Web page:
Wagner: Tannhäuser - Konwitschny
Tower Records Definition Serie TDSA-187/9 (3 discs)
Classical - Opera
Gottlob Frick (Hermann, Landgraf von Thüringen)
Hans Hopf (Tannhäuser)
Dietrich Fischer-Dieskau (Wolfram von Eschenbach)
Fritz Wunderlich (Walther von der Vogelweide)
Rudolf Gonszar (Biterolf)
Gerhard Unger (Heinrich der Schreiber)
Reiner Süss (Reinmar von Zweiter)
Elisabeth Grümmer (Elisabeth)
Marianne Schech (Venus)
Lisa Otto (Ein junger Hirt)
Manfred Koop, Arnold Schremm, Michael Wein & Karl-Heinz Voortmann (4 Edelknaben)
Chor und Orchester der Staatsoper Berlin
Franz Konwitschny (conductor)
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Comment by Andre Vital - July 5, 2022 (1 of 1)
Well...no previous EMI -TOCE equivalent remastering here!
This remastering vindicates this recording, not in isolated elements, as the Kempe Lohengrin, but as a Whole that is for sure, much more the mere sum of its parts.
The Decca/EMI "we have made the best recordings ever" has a strong prosecutor in this Tannhäuser. Hopf isn't the ideal protagonist, but it is "törig, wenn nicht gar tückish" to proclaim that other FAMOUS tenor set any standards, as far as this part is concerned! Had the recording been made 5 or some years before, Hopf would have swept the board, as he sounds here, he is a STANDART fo this part, and all the harmonics of his voice, that weren't present in all other editions (including LP and RTR ones).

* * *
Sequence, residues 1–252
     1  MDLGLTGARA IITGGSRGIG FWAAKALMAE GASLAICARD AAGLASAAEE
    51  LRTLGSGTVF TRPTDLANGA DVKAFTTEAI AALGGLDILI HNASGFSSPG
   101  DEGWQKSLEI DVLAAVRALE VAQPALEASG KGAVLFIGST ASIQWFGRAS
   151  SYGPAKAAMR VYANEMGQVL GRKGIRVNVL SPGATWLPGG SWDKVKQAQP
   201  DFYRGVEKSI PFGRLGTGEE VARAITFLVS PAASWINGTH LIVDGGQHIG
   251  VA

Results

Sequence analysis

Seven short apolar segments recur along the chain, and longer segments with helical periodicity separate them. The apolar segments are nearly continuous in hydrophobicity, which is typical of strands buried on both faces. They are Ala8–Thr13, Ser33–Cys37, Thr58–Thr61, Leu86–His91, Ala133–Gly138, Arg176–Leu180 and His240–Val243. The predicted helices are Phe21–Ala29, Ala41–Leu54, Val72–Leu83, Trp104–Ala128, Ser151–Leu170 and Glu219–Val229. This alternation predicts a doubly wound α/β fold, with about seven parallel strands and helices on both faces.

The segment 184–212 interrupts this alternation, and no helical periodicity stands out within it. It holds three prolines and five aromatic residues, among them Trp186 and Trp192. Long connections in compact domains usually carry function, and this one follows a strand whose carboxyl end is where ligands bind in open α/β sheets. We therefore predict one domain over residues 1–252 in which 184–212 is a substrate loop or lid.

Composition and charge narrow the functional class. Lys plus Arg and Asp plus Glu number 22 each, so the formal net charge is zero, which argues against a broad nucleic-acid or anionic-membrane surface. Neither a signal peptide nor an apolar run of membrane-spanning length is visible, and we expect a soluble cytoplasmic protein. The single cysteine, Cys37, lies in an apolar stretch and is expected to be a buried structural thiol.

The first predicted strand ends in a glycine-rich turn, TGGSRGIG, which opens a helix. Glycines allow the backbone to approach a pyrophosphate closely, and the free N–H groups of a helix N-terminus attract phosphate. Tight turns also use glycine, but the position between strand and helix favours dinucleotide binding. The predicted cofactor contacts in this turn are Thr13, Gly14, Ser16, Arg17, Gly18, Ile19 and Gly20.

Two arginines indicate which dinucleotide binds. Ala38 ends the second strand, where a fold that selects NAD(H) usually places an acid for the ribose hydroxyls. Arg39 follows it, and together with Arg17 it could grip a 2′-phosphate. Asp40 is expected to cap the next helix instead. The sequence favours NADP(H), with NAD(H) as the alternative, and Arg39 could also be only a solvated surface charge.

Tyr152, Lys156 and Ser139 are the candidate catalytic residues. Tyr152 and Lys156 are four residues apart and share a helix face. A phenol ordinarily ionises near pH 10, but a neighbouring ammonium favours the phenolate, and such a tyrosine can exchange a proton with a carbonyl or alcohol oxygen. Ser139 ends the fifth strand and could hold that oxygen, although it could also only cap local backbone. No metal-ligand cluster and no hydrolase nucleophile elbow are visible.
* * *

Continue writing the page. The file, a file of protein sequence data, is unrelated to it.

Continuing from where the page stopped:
And, on this subject - this is a thoroughly German effort, with a Stylistic awareness totally lacking in other recordings, because the Tonmeister approach, contrary to what John Culshaw preached, says wonderful dividends, added to that, I pretty much suspect that Vacuum Tube equipment was used here, because the recording has a clarity AND a deepness that not even the Janowski recording can match - the "holographic picture" of this recording establishes itself with the very first chord of the overture, and unshakably holds its ground up to the 2 huge act ensembles (and now one is able to hear Hopf's line, (written in so an embedded into the texture, that proves that, sung as it is should be sung, Tannhäuser is the most difficult Wagner Tenor's part - and one can here him do this live, on the Solti MET recording).
To say that all the other soloists are excellent is an understatement, they have channelled the composer's intentions up to the hilt, and Konwotschny is the main 'Medium'.